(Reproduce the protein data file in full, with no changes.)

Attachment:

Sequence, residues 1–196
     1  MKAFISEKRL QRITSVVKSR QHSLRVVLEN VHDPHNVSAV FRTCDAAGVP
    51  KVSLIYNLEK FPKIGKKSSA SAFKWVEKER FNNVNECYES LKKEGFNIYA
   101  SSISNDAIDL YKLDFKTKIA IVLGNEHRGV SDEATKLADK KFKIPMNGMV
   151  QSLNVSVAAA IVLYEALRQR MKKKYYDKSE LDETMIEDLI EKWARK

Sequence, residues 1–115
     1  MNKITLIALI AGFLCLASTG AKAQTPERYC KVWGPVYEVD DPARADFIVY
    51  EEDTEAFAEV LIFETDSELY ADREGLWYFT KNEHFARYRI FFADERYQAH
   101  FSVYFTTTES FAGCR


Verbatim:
Sequence, residues 1–196
     1  MKAFISEKRL QRITSVVKSR QHSLRVVLEN VHDPHNVSAV FRTCDAAGVP
    51  KVSLIYNLEK FPKIGKKSSA SAFKWVEKER FNNVNECYES LKKEGFNIYA
   101  SSISNDAIDL YKLDFKTKIA IVLGNEHRGV SDEATKLADK KFKIPMNGMV
   151  QSLNVSVAAA IVLYEALRQR MKKKYYDKSE LDETMIEDLI EKWARK

Sequence, residues 1–115
     1  MNKITLIALI AGFLCLASTG AKAQTPERYC KVWGPVYEVD DPARADFIVY
    51  EEDTEAFAEV LIFETDSELY ADREGLWYFT KNEHFARYRI FFADERYQAH
   101  FSVYFTTTES FAGCR